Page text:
The Time Management Secret Nobody Talks About
How to make disruptions work for you
So, you’ve mastered the art of time management. You still face a serious challenge.
You can plan your day down to the minute. You can be as disciplined as a well-trained soldier. Sorry, it won’t make you a productivity superstar. Making the best use of your time is not about sticking to your schedule.
Effective time management comes down to making the best use of your time when life disrupts your meticulously planned schedule.
And life always disrupts your schedule.
The experts who sell their productivity tips, routine-based systems, and time management techniques rarely talk about strategies to deal with disruptions. It’s too easy to say “just stick to your plan.” Of course, life does not work that way. You not only need to work around these disruptions, but you also need to use them to your benefit.
This might be the most crucial Time Management question you’ve never asked yourself.
How do you get stuff done when life interferes with your plans?
Here’s how I handled it today.
When I arrived at the airport this morning, I learned my flight had been delayed by three hours.
I kicked and screamed like everyone else, but instead of arguing with the desk agents or making frantic calls to anyone who would listen, I sat down at the gate and began to write.
Little by little, other passengers tricked into the gate area, remarking that they gave it the old college try. They formed an impromptu pity party, lamenting their missed plans, blown meetings, and loss of productive time.
Yeah, I get it. Some folks have real emergencies. Maybe some of those passengers had been away from their families and desperately wanted to go home.
But most people just hate having their plans altered. They fret over sitting in an airport or waiting room. And so they complain, argue and commiserate.
Sometimes you need to feel like you’re doing something to fix the problem, even when no realistic solution exists.
We waste too much time by fighting reality and complaining about the unfairness of things we cannot control.
Fight your instinct
It’s human nature to get emotional when someone or something interferes with your life. You had plans, goals, a to-do list, whatever. You need to take out your frustration on someone or something. I get it. It feels good, but it serves no purpose.
Once you get over the shock, these moments of inconvenience can be a boon to your productivity.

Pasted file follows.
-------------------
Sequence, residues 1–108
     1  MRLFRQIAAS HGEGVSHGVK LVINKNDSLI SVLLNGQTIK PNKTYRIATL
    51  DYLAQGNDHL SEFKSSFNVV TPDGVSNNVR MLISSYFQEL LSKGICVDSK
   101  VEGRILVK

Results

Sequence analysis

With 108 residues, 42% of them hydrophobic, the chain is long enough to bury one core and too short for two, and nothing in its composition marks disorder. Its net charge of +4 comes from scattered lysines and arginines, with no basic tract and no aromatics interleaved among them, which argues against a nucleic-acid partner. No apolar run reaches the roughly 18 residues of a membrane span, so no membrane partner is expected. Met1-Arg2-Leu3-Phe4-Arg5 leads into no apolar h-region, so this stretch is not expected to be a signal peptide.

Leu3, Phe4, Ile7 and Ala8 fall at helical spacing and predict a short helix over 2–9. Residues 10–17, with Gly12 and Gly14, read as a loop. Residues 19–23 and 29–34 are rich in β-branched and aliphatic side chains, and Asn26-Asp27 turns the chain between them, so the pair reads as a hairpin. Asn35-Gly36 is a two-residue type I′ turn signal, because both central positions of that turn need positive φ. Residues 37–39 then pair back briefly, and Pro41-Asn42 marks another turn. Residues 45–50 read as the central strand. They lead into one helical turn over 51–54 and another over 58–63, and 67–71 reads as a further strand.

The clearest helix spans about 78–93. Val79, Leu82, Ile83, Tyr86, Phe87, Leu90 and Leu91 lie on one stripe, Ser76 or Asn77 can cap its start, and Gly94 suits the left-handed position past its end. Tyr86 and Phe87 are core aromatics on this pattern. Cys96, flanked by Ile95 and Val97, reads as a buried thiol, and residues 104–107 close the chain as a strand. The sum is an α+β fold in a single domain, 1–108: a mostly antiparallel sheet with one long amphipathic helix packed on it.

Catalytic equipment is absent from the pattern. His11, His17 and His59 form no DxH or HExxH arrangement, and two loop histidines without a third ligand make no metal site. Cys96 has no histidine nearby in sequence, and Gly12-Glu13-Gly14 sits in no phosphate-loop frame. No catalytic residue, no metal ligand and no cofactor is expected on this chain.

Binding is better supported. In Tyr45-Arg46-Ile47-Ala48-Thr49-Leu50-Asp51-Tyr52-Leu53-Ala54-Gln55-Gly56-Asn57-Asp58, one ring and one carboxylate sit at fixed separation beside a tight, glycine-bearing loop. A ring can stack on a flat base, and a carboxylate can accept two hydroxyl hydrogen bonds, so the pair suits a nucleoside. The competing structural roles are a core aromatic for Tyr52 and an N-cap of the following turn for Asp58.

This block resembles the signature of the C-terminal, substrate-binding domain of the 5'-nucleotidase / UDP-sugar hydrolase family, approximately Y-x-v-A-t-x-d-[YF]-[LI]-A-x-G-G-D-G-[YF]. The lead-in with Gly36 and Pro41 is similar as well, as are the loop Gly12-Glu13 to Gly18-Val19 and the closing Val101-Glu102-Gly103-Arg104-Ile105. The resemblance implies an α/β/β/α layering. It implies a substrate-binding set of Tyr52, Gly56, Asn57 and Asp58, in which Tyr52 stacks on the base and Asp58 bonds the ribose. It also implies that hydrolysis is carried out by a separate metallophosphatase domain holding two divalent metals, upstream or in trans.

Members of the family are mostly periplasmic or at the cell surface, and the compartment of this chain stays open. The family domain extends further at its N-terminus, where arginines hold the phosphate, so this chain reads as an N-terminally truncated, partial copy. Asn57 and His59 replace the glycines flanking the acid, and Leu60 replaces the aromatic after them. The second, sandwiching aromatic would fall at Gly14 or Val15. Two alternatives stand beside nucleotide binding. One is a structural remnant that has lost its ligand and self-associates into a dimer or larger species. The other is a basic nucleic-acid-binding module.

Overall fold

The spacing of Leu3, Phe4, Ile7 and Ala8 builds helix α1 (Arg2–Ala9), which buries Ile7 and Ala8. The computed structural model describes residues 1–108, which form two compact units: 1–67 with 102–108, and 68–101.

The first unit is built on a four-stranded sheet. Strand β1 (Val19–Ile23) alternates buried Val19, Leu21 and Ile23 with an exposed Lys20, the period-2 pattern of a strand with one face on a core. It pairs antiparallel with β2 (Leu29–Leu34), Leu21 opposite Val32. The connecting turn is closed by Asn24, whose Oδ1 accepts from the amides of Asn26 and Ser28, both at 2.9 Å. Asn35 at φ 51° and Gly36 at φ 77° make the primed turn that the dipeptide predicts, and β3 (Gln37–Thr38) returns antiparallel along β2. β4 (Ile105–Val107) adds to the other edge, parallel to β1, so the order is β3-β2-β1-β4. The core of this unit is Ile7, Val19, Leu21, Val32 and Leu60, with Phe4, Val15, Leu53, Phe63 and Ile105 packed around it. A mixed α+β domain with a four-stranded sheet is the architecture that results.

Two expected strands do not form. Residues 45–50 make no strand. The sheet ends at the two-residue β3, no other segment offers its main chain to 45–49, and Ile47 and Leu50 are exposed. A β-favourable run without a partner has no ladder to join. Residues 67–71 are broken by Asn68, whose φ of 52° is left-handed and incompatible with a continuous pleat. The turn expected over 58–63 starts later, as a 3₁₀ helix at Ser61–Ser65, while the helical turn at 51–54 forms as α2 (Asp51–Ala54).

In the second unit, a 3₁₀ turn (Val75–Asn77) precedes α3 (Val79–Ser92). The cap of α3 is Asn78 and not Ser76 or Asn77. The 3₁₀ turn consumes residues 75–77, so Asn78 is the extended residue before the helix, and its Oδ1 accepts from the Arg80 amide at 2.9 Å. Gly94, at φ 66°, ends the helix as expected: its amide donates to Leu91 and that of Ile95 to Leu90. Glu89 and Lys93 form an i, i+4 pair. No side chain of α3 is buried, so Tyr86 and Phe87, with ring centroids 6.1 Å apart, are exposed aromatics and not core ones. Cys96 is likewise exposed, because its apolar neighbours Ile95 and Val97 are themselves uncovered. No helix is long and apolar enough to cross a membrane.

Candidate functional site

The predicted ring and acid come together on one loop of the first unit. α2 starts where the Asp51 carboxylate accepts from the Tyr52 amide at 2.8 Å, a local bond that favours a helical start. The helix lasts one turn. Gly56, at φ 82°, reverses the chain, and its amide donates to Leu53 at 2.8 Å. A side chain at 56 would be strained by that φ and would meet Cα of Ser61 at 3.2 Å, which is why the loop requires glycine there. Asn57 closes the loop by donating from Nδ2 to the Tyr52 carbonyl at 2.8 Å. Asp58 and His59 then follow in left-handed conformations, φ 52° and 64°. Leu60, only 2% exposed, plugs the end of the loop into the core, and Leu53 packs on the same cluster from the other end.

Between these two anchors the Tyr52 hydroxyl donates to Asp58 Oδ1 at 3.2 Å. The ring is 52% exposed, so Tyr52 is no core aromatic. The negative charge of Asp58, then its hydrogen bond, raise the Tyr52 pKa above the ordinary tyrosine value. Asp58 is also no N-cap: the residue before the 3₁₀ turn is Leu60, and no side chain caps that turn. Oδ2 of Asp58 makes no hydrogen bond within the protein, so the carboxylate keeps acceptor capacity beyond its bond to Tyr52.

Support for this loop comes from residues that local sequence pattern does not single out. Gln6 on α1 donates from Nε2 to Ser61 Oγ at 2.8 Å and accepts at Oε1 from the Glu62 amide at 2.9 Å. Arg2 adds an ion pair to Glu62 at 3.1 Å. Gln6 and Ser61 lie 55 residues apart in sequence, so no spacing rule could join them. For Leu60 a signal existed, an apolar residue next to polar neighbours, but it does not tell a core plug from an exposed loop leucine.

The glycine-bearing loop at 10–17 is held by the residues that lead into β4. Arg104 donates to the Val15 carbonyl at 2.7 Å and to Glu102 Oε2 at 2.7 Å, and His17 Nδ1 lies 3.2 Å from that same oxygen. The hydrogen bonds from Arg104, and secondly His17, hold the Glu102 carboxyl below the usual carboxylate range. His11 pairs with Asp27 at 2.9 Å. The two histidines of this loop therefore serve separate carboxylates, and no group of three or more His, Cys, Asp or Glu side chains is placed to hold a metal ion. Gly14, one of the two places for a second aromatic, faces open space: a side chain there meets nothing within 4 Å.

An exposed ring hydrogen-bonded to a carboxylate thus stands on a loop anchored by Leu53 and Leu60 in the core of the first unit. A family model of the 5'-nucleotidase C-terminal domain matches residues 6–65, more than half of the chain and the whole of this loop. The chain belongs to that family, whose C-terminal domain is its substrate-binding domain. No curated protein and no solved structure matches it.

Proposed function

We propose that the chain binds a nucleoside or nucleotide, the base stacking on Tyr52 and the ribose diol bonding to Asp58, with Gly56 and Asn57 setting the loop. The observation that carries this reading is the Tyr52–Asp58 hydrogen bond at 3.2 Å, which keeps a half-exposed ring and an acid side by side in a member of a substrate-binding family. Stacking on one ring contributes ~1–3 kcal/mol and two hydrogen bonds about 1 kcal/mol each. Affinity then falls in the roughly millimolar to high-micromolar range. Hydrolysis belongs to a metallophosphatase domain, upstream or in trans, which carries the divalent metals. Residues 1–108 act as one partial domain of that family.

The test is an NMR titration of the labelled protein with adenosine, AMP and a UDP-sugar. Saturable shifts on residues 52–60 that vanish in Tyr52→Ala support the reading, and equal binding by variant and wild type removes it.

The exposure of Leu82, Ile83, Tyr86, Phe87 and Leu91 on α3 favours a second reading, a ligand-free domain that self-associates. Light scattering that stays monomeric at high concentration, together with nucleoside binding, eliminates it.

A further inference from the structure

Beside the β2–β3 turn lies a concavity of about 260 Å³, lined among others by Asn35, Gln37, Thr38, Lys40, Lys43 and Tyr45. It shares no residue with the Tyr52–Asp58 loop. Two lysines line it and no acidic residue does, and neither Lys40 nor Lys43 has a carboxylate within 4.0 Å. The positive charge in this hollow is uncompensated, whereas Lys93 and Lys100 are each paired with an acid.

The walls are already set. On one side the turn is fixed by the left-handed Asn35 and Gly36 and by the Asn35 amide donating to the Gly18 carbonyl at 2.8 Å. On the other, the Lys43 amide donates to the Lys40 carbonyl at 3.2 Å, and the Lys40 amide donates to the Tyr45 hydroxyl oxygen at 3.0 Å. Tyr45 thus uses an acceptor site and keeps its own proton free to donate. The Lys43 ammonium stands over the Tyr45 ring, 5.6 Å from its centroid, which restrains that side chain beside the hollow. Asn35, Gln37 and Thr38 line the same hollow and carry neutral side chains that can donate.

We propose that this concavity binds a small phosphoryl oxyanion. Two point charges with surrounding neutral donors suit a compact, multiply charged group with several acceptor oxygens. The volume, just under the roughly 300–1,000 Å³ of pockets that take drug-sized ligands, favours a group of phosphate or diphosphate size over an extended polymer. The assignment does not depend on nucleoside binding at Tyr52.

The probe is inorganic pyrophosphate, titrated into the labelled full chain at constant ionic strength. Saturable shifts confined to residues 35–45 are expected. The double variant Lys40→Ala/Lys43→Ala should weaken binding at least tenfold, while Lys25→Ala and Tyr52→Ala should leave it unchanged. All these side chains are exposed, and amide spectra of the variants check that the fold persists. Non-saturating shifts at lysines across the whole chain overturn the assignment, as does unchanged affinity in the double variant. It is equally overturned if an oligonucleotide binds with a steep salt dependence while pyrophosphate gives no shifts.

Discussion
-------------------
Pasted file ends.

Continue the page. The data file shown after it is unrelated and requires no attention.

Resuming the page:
Take a step back from the emotional rollercoaster and assess your situation logically instead of emotionally.
This simple checklist allows you wrestle control away from your kneejerk emotional reaction and make more thoughtful decisions.
Is this out of your control?
The answer is almost always no. When shit happens, it’s almost always beyond your control. That’s what makes it so frustrating.
We don’t always recognize this in the thick of the situation. Acknowledging the fact can help calm you and allow you to assess without emotional swings affecting your judgment.
Is there anything you can do about it?
Sometimes you can mitigate the effects of interruptions to your schedule.
Maybe you can find another flight, reschedule that meeting or ask someone to help you out.
Some folks confuse complaining, brooding or sulking with concrete actions that reduce the negative impacts. You might gain emotional satisfaction from that kind of behavior, but it does nothing to better your situation.
If you conclude that you can do something about it, move onto the next question. If you cannot do anything about your situation, skip the next question and proceed to the following one.
Is it worth doing something about it?
Now you do a bit of cost-benefit analysis. Is the price of mitigating your disruption worth it? This analysis is usually subjective, but it’s still worth doing as a sanity check.
Let’s use a delayed flight as an example.
Is it worth flying on standby, rushing through the terminal and dealing with the stress to get home an hour earlier? That’s something you need to decide for yourself depending on the circumstances.
Too often, we take mitigation steps out of a desire to do something, anything to fix the perceived injustice. Accepting reality and finding ways to use it to your advantage will often serve you better.
What would be a better use of your time?
Why not just start here? Why go through the preamble of the earlier questions? If that works for you, go right ahead. I find that I need to go through the previous questions first; it helps me reach an emotional state where I can accept the answers I discover in this phase.
When my flight was delayed, I decided not to complain. I decided against flying standby for an earlier flight. I wanted to use the gift of time to accomplish something important to me. I needed complete focus to use that time productively.
Expand your horizon while you consider the question of what would be a better use of your time. Do not limit yourself to something work-related. Perhaps you can spend time on personal development, reading, practicing a skill, promotional work. The only rule is that you choose something that matters to you.
Now that you’ve assessed your situation and your available options, you can make a reasoned decision.
It takes only a few minutes to go through this process. Life disruptions happen how you manage the unexpected matters just as much as your meticulous planning.